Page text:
My past few trips have definitely instilled in me a deep thankfulness for my lack of susceptibility to seasickness. I don’t want to tempt fate by claiming imperviousness but between several sailing trips, a few larger boats in very rough waters and the truly epicly sickmaking journey back in from the great barrier reef it seems as if it takes a fair bit to make me motion sick (at least when I’m not simultaneously heat stroked.) I definitely feel pity for those who feel ill even on the most gentle of crossings as we saw on our way to Rhythms of the Night.
Yet even before hopping the boat for our excursion I got a little thrill. Vallarta Adventures has meet the dolphins adventures on offer. While the marine conservationist in me doesn’t enjoy the fact that these dolphins are in fairly tight captivity and I likely wouldn’t have felt comfortable paying money to do the ‘adventure’ being there at closing time for most of the other tours meant we could sit there and watch as they were fed and played as the day wound down. (Note: I do think aquariums and sea world type attraction when done well are a good thing as a visit to one helps instil a knowledge and understanding of the ocean world in people young and old. I just think if you can’t do it right, don’t do it. That whole area is a discussion for another day though.) Since we had a while til our boat left I sat there and took far too many photos.
Rhythms of the Night is a package tour put on by the biggest tour company of the area that has converted a secluded beach cove formerly owned by Hollywood director John Huston into a private retreat of sorts for their tour groups. It’s apparently only accessible by boat and that’s why we found ourselves on a cruise across Bahia de Banderas as dusk fell. Other than a few minutes as we cleared the harbour the cruise was remarkably gentle yet several of the 40 odd people on our boat were feeding the fish for most of the first half of the cruise. It must have been terrible… not to mention that spending 100+ usd on a package that includes open bar and great food then spending the first half hour spewing kind of sucks. On top of that the boat ride itself had some quite delicious apps and an open bar.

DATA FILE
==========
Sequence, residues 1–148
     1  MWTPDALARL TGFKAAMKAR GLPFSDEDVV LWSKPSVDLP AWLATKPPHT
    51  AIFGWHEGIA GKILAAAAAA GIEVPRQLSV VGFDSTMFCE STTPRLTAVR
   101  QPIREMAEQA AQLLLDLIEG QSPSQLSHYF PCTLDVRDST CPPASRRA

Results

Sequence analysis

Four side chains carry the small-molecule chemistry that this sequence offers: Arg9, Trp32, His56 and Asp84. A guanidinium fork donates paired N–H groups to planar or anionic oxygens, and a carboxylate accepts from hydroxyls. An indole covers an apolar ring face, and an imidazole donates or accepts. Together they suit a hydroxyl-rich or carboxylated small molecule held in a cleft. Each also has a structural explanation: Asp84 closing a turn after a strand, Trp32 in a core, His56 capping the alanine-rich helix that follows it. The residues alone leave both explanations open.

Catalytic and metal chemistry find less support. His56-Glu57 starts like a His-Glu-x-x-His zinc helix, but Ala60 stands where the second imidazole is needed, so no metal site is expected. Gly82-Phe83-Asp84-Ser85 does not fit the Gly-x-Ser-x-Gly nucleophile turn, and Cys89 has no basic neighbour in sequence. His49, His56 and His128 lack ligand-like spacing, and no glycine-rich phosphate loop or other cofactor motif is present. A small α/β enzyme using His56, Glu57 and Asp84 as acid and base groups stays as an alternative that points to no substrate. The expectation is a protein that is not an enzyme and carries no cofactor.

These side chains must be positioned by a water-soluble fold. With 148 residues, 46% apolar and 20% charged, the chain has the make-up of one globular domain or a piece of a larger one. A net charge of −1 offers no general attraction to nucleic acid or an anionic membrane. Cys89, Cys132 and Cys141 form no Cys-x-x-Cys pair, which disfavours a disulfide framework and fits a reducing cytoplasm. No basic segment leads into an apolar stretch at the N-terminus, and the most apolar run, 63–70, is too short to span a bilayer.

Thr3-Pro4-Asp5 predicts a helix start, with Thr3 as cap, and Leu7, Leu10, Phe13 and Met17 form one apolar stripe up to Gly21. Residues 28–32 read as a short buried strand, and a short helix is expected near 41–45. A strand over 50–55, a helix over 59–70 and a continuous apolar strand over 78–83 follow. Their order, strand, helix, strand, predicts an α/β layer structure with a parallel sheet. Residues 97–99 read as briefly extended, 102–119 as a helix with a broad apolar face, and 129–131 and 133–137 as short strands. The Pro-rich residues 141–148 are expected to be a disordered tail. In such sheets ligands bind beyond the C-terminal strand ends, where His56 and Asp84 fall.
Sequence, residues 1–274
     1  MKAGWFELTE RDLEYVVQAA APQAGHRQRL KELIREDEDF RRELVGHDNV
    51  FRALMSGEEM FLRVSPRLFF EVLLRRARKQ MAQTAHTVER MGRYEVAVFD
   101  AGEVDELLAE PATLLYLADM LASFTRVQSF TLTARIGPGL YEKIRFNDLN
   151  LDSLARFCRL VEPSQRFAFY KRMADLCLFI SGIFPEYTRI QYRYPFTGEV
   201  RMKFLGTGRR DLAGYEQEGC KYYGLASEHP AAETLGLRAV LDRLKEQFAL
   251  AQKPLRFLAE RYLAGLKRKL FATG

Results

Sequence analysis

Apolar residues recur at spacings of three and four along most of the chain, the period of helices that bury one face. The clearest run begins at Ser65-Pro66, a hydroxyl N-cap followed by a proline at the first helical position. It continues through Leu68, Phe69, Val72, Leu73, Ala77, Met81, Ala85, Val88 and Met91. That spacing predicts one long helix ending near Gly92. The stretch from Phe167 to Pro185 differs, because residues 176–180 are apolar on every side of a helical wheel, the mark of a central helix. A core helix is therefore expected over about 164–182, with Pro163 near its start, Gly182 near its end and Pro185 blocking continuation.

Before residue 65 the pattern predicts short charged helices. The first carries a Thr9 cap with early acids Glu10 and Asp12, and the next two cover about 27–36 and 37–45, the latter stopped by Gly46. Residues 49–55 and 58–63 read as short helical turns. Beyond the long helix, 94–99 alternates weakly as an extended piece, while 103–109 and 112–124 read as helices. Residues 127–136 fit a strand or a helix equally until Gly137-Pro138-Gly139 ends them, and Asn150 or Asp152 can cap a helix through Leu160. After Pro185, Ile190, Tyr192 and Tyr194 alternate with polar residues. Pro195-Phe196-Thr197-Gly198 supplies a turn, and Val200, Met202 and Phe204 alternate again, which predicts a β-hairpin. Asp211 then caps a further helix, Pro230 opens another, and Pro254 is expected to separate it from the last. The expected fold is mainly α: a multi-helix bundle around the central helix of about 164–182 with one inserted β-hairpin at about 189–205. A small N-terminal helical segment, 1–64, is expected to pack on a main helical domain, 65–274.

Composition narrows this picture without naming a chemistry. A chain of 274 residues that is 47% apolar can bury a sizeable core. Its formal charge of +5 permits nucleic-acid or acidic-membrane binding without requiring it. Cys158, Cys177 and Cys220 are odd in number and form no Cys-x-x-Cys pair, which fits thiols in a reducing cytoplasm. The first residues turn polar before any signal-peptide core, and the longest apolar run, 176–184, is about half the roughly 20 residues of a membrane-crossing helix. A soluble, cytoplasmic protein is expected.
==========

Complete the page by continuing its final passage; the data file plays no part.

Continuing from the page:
The end of the cruise at Las Calletas is somewhat magical even to a cynic like me. It’s quite dark by the time you arrive and various spotlights below the water illuminate the massive schools of various fish that live near shore.* I would honestly quite like to snorkel there and I believe that actually is an option during the daytime. The shore itself is lit by nothing but candles and torches and you are taken along a winding path past various performers towards the amphitheatre. It’s all a little bit Disney yet still remarkably effective, especially in the darkness punctuated by the flickering light. Once you arrive at show you are settled in to watch the show.
In the words of the tour company Rhythms is a “hypnotic and exhilarating spectacle, stories of an ancient civilization are told through live music and modern dance as one of Mexico’s most innovative contemporary dance troupes transports you on a magical and mystical journey through time. “ Elsewhere in the brochure they try to insinuate equal status with a Cirque du Soleil show. I wouldn’t go that far but the performers were all very very talented and I quite enjoyed the spectacle. It was a mix of song, dance, acrobatics and visual storytelling that easily outclassed anything I’d seen in a vacation resort setting before (not counting Vegas of course.) I particularly enjoyed the acrobat clad in an iguana costume that slowly snuck through the audience and shocked some southern woman so totally that she shrieked like a howler monkey.